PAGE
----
Reflecting Asean's demographics, payments and mobile wallets are attracting the highest level of funding in Asean, registering a tenfold increase from US$8 million in 2012 to US$83 million in 2015, according to a State of FinTech in Asean report.
Funding has rocketed from an abysmal US$9 million in 2012 to US$338 million year-to-date 2017, the report said.
"Asean as an engine of economic growth and prosperity has caught the eye of global investors, and there is an abundant supply of early-stage funding in the region," it said.
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The report was producted by United Overseas Bank, with insights from EY, and is supported by the Singapore FinTech Association and the Asean FinTech Network.
In 2016, investments in the South-east Asian fintech market increased to US$252 million, compared with US$190 million in 2015, a rise of about 33 per cent. Total investment in the first nine months of 2017 has already exceeded that of 2016 to reach US$338 million.
Most of the funding in the region is from seed and angel investors, it said. Beyond the traditional forms of funding from angel investors and venture capitalists, crowdfunding, venture debt and bank venture funds have also contributed to the rise in dry powder available for investing in Asean fintechs.
The rise of fintech funding in Asean mirrors that for Asia, the report found.
The global fintech industry attracted more than US$24 billion in investment in 2016, 10 times the level received in 2010.
Fintech investment in Asia exceeded North America for the first time in 2016, led by blockbuster deals in China, including Alipay and Lu.com raising US$4.5 billion and US$1.2 billion respectively.
Singapore is home to the lion's share of the 1,228 fintechs in Asean, at 39 per cent, said Tracxn, a start-up data provider.
Two in five Asean fintech startups have chosen Singapore as their home base. They are drawn to several factors, including the country's ecosystem of diverse players, conducive regulatory environment and its web of international links that promote the exchange of ideas, the report said.
"Singapore's developed financial infrastructure and supportive regulatory policies have positioned the country well to compete with other global fintech hubs such as Hong Kong and London," it said.
Indonesia, Malaysia and Thailand are fast catching up with Singapore as a preferred fintech home, supported by high levels of mobile adoption, rising rates of Internet penetration and an increasingly urban, literate and young population. "This has attracted large numbers of investors and fintechs to focus their attention on the region."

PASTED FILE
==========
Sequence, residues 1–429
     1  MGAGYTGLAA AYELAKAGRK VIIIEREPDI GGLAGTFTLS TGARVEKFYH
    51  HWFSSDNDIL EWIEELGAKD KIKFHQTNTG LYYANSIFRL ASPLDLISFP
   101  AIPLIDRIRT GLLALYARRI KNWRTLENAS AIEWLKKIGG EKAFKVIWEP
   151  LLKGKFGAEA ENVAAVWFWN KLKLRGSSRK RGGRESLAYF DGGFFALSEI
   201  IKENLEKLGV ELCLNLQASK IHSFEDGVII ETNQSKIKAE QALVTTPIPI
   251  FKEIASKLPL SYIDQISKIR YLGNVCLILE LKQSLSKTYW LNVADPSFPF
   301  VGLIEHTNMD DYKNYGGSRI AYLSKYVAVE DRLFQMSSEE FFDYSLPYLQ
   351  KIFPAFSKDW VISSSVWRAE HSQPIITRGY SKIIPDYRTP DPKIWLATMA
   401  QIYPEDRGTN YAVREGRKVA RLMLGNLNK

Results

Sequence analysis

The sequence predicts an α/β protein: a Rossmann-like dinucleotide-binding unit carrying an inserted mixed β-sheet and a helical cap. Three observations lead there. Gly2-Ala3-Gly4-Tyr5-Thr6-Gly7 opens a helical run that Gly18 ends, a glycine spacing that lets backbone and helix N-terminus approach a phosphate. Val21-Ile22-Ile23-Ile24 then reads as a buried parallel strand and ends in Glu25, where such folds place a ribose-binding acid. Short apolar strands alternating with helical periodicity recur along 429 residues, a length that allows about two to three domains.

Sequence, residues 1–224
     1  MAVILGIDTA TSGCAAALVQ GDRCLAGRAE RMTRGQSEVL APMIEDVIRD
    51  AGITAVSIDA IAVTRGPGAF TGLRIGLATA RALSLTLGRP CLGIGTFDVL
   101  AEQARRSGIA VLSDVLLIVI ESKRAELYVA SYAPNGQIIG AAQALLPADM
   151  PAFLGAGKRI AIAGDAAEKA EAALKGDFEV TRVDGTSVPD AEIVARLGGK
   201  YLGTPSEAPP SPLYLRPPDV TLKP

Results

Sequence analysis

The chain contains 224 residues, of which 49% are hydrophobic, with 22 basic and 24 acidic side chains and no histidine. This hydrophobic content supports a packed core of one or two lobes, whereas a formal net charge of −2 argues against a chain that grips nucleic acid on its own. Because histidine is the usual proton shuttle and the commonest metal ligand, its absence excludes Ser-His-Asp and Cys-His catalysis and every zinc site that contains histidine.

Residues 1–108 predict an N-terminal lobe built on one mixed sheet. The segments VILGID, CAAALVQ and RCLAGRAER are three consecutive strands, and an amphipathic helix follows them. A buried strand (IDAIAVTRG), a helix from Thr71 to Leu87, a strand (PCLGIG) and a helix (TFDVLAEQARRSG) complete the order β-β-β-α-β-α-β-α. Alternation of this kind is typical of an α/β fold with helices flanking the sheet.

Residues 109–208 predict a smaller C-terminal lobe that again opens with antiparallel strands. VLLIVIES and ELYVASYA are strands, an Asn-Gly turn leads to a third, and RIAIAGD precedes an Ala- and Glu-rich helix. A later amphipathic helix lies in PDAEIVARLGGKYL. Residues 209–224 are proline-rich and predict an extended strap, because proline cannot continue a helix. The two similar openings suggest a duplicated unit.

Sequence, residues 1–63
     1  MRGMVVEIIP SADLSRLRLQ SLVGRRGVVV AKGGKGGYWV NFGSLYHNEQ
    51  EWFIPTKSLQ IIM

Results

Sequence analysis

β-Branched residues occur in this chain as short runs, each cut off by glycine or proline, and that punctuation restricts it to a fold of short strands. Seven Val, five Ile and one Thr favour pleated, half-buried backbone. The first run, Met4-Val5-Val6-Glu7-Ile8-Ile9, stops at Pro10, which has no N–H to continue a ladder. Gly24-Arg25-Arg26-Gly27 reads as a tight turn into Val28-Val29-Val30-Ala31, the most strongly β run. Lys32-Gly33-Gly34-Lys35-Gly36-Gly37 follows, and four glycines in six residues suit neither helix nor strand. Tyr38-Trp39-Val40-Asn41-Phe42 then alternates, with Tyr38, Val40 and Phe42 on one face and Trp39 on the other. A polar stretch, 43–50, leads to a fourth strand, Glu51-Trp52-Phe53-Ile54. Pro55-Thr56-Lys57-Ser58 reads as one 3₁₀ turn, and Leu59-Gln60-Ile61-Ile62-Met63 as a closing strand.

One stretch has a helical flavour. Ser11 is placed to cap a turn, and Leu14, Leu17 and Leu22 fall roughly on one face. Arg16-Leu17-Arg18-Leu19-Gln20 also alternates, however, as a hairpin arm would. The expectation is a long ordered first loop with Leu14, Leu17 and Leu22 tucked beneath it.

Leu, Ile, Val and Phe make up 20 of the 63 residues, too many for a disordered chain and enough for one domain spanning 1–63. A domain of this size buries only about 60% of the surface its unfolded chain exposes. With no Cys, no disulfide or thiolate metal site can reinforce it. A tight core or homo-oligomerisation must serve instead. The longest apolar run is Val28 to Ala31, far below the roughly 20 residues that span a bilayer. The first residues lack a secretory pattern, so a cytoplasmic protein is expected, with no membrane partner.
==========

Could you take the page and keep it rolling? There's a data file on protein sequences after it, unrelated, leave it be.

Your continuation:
While fintechs are still in their early stage in Asean, digital platforms such as e-commerce have proliferated, backed by Internet giants which have the financial muscle to make large, billion dollar investments in the next unicorns of Asean. The battle for the consumer wallet and mindshare will continue to drive investment as Internet giants seek to establish a foothold in Asean, starting in Singapore, Indonesia and Thailand.
Drivers of fintech in Asean is the region's robust economic growth and a young urban population. Asean has more than 630 million people, with around 50 per cent of that population under 30 years of age.
By 2030, this large young population will enjoy increased levels of literacy and contain many first-time job seekers. South-east Asia's urban population is also expected to increase by an estimated 100 million, to 373 million people by 2030.
Almost half (43 per cent) of all fintech activity in Asean is focused on developing solutions in the area of payments and mobile wallets.
"This innovation push is underpinned by high levels of mobile usage and rising rates of Internet penetration, an increasingly urban, tech-savvy, literate and young population, and a segment of the community underserved by traditional banking solutions," the report said.
Asean's low banking penetration also makes it attractive for fintech companies to develop solutions and go to market. As at 2014, more than half of the adults in Asean or 264 million adults do not have access to banking services.
The gap widens in rural areas, where 74 per cent of the population do not have access to a bank account.
Additionally, all the Asean countries - including Malaysia, Singapore and Thailand - which have high levels of bank penetration, rate low in regard to credit availability in the micro, small and medium-sized enterprise sector.
"Fintechs in the region are also exploiting this credit gap to offer services to this underserved segment, which is not the traditional target segment of financial institutions," said the report.
FUNDING for the financial technology sector in Asean is surging, fuelled by the potential of its young and underbanked population.